There may be gridlock in Washington these days, but there is one issue that seems to have bipartisan support and that is that Fannie Mae and Freddie Mac must go. With President Obama coming out with a declaration that he is on board, it is almost certain that some legislation will move forward. There are still big differences to be ironed out, but this is one area where both Democrats and Republicans agree that something must be done.
Republicans want to end the government’s involvement completely, while Democrats seem more interested in scaling back the program and changing the name of the two agencies. Still, there does seem to be some real progress:
“We all agree that the system with Fannie and Freddie needs to be changed,” said Rep. Michael Capuano, D-Mass., ranking Democrat on the House Financial Services subcommittee on housing and insurance. “The real question is, do we reform it or kill it the way House Republicans want to.
That may sound a bit as if the sides are far apart, but that does not seem to be the case (yet, at least). Republicans will probably accept reform as a good first step, while Democrats will probably accept a real gutting of the programs and the government guarantees involved. It remains to be seen if they can come together, but it looks like Fannie and Freddie for some changes at the very least.
How this will effect mortgage rates is what many people are interested in and, no surprise there is some disagreement about that as well. Democrats seem to worry that rates will go higher without the huge presence of Fannie Mae while Republicans think that, free of the government agencies, more competition will ensue and rates might even go down.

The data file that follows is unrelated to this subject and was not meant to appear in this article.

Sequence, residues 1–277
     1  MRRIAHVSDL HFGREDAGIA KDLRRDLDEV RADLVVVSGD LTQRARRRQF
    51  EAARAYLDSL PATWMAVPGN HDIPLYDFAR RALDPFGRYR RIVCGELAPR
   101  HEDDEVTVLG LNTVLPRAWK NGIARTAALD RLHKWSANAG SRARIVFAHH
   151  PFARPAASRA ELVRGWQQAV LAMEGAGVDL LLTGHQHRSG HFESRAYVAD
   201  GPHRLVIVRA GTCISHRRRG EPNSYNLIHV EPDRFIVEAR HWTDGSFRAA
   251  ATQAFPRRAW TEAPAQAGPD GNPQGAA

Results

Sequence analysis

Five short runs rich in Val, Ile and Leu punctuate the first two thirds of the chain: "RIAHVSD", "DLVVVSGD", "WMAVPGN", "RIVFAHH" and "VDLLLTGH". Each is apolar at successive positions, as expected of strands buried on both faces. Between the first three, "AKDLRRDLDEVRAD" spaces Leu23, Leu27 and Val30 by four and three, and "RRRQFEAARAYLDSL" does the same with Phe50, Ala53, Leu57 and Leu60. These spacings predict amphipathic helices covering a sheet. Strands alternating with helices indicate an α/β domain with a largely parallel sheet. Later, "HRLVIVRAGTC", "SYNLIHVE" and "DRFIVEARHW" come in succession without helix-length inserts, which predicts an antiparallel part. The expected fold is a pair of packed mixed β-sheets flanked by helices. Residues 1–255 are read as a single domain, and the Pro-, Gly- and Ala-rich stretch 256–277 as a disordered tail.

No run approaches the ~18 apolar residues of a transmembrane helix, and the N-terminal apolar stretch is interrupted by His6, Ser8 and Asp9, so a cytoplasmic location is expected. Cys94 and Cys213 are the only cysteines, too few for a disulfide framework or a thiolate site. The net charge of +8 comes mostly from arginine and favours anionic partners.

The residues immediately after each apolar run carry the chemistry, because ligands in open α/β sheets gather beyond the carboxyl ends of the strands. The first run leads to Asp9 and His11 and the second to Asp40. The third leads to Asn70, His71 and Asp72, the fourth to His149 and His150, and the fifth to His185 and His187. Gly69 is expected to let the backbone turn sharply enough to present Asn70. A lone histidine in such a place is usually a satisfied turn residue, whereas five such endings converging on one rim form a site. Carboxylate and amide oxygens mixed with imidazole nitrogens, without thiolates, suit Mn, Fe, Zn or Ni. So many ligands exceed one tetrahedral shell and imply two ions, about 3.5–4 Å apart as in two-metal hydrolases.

They may both be right. Without getting into the merits (or politics) of Fannie Mae and Freddie Mac’s role in the housing downturn, it is undisputed that the old system let people buy houses that maybe were above the level that they could afford. If the private sector cannot count on those two giant agencies to buy all of their mortgages, it is difficult to see how the borderline buyer will find lower rates awaiting him. On the other hand, the wealthy buyer, with great credit will undoubtedly be more sought after than ever and could very well see their rates go down. Without the actual legislation, it’s too early to tell what will happen, of course. But it does seem clear that both parties want the governments’ exposure reduced at least a little bit. For those without perfect credit ( and in the market) it may be a good time to look around for a good home while Fannie is still around. While more restrictions are in place than in 2007, Fannie Mae still buys 90% of all new mortgages. If that agency goes away, there may be some short-term turmoil before things settle down. We’ll naturally keep you posted on PrimeRates and of course, let us know what you think.